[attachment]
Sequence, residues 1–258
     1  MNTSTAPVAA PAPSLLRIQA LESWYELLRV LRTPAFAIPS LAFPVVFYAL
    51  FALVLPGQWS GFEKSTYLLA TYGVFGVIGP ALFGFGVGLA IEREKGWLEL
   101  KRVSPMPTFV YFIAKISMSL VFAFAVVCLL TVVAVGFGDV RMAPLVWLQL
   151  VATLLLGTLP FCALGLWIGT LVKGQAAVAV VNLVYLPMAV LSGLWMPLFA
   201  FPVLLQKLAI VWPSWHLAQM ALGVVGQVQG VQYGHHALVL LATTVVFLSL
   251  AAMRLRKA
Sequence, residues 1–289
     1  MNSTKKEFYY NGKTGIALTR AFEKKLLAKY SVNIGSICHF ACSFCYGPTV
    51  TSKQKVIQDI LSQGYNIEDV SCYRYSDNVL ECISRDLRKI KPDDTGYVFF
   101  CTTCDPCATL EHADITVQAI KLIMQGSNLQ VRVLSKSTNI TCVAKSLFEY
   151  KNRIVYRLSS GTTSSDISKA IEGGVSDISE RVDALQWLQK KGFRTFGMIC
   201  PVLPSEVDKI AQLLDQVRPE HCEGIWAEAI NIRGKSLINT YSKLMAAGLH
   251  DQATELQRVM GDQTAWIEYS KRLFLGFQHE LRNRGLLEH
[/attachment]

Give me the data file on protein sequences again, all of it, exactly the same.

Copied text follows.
Sequence, residues 1–258
     1  MNTSTAPVAA PAPSLLRIQA LESWYELLRV LRTPAFAIPS LAFPVVFYAL
    51  FALVLPGQWS GFEKSTYLLA TYGVFGVIGP ALFGFGVGLA IEREKGWLEL
   101  KRVSPMPTFV YFIAKISMSL VFAFAVVCLL TVVAVGFGDV RMAPLVWLQL
   151  VATLLLGTLP FCALGLWIGT LVKGQAAVAV VNLVYLPMAV LSGLWMPLFA
   201  FPVLLQKLAI VWPSWHLAQM ALGVVGQVQG VQYGHHALVL LATTVVFLSL
   251  AAMRLRKA
Sequence, residues 1–289
     1  MNSTKKEFYY NGKTGIALTR AFEKKLLAKY SVNIGSICHF ACSFCYGPTV
    51  TSKQKVIQDI LSQGYNIEDV SCYRYSDNVL ECISRDLRKI KPDDTGYVFF
   101  CTTCDPCATL EHADITVQAI KLIMQGSNLQ VRVLSKSTNI TCVAKSLFEY
   151  KNRIVYRLSS GTTSSDISKA IEGGVSDISE RVDALQWLQK KGFRTFGMIC
   201  PVLPSEVDKI AQLLDQVRPE HCEGIWAEAI NIRGKSLINT YSKLMAAGLH
   251  DQATELQRVM GDQTAWIEYS KRLFLGFQHE LRNRGLLEH